Suffolk airport makes an impression

Published 12:00 am Sunday, June 30, 2002

We’ve lived in Suffolk since 1979, attended many Peanut Fests, drove down Carolina Road a zillion times, and never noticed we had a genuine airport. Then came this brochure from the DOT, Department of Tourism, listing 33 places and things to do in Suffolk. Among the 33 were two or three that intrigued me enough to vow to see them: vintage airplane restoration, skydive, and a gun museum. Shortly after came the piece mentioning that a Flying Fortress would be at the Suffolk airport over the weekend and that is when I discovered we had our very own flying field.

Like a lot of people I thought our airport was near Bowers Hill on 58 and that was as close as you could fly to our city. I’d been there several times to see the vintage World War II plane fly-in, and get close to that old DC3 that sits there facing Highway 58 looking rather lonely and forlorn. Back in 1944 I flew from California to Michigan in a DC3, which then was the main domestic commercial passenger plane. And in 1994 we flew in one from Puerto Rico to the Virgin Islands, cockpit doors removed and plenty of Twistems holding things together on the instrument panel. But it still flew, if a bit shaky. Could a B17 be airworthy after nearly 60 years? The brochure stated that the genuine Flying Fortress was but three miles south of town south on Carolina Road, the Suffolk Executive Airport, touted to be the Gateway to Hampton Roads, Virginia. Surely the westernmost gate.

I was both surprised and impressed with this crown jewel in Suffolk’s economic development plan. This was no dirt runway for crop dusters and the like. There are nearly two miles of concrete strips enabling planes, including a B17 and bigger, to land in any weather. The airport has full service fueling services and meals available at the Tailspin Restaurant in the terminal. A visiting pilot can call home, park the plane in one of the 54 general aviation hangars, and have a taxi deliver him and guests to any of many nearby motels. One day there will be a motel near the runway. It is easy to visualize this growing airport competing with Newport News and others in the vicinity. And it is vital to the continued economic growth of this very large city of Suffolk.

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At the airport is the Cardinal Pilot Shop, which provides pilot training, pilot supplies, aircraft rentals, sales and maintenance. It includes an engine shop and hangar space as well as tie down services (539-0600). And a place called the Fighter Factory, associated with Tidewater Tech. These professionals specialize in recovering and restoring World War II-era propeller driven aircraft. They have a collection that includes a 1942 Navy Steersman, a 1943 British Spitfire, a 1945 Corsair, (it flew off the early carriers) and others well worth your viewing.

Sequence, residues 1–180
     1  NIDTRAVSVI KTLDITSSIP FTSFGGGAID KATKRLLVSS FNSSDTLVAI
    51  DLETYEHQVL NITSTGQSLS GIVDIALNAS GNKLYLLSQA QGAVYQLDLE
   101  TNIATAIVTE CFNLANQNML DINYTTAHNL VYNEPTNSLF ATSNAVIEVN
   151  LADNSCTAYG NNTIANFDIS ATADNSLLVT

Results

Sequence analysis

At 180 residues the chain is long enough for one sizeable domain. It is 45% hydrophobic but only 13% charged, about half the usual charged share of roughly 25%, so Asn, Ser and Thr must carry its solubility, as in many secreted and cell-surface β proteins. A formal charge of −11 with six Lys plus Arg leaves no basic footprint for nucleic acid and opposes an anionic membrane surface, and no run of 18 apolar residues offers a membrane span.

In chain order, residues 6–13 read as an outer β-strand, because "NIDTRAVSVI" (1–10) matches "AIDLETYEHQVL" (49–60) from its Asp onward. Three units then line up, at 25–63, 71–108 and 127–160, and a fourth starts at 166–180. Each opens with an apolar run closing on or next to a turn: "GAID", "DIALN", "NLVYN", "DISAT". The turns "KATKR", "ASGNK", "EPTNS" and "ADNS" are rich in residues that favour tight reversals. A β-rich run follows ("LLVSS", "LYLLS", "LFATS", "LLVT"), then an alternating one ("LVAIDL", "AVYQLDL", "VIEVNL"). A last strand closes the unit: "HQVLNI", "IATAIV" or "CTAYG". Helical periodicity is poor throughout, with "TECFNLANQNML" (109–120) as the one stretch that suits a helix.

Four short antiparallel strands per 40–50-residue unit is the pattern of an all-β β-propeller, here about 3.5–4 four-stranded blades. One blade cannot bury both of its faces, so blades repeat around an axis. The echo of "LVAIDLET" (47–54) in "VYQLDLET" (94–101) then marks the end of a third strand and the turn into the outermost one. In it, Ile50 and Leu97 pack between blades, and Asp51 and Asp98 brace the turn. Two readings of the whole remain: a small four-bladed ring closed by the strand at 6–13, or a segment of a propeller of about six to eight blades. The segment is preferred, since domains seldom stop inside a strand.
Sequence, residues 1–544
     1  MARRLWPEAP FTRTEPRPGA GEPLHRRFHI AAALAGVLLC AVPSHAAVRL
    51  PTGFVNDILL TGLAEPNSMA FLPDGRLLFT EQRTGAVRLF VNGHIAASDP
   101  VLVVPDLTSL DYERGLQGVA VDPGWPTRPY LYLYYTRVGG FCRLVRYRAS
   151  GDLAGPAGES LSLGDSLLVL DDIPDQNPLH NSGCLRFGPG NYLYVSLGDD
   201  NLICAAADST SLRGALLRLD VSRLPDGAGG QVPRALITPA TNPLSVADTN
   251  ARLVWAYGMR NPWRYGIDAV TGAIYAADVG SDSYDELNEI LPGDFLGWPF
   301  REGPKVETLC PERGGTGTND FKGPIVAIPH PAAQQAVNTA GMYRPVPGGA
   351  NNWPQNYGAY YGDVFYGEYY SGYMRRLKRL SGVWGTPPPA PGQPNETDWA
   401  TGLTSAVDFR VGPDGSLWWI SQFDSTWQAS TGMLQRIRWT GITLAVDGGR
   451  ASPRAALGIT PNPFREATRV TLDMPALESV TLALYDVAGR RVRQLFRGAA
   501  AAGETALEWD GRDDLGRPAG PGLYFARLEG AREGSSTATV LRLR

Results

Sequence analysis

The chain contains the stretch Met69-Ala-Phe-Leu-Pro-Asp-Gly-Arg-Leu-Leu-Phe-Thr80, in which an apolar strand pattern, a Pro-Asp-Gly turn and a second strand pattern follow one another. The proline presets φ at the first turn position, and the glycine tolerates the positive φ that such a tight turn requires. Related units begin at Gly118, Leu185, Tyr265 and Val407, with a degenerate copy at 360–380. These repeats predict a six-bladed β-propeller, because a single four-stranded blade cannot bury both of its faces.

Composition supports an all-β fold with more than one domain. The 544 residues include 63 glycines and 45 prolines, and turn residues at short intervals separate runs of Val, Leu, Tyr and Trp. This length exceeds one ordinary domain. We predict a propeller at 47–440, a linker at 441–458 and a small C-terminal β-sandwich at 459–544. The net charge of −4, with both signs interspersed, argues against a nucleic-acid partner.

For the courageous there is Skydive Suffolk, Inc. Certified instructors offer tandem and accelerated freefall from your first step our of a plane at 14,000 feet, all the way to your expert license. I was told that one instructor, built like a wrestler, brought past President Bush safely down when he wanted to jump one more time. You can reach them at 539-3531. I dare you to call; that instructor has me about convinced to try it, but the bride and offspring say, &uot;Don’t be stupid, you’re too old and too brittle.&uot;

The Great American Flyers Festival over the weekend drew hundreds to our airport and I’m sure all were favorably impressed with what they saw. I guess a 14-year-old girl would think it peachy keen that the little town of Suffolk has a genuine airport. At 77, I feel the same and I must admit it gave me a sense of pride. After all, the tiny dot on the landscape called downtown is almost lost in the 430 square miles of vastness we call Suffolk and you could hide it in a corner of the 600 acres of airport. So the connection is one of great importance, the airport is not just a part of our space, it is an essential part of our commercial growth, a vital link to the future. It must grow or the city won’t.

And that B17 was there as advertised, not like the ones I rode in back in 1944 because they were camouflaged to look like the ground from above and the sky from below. This one was rightfully named the &uot;Aluminum Overcast.&uot; Everything else was identical. I’ll tell you about it next.

Robert Pocklington is a regular columnist for the Suffolk News-Herald.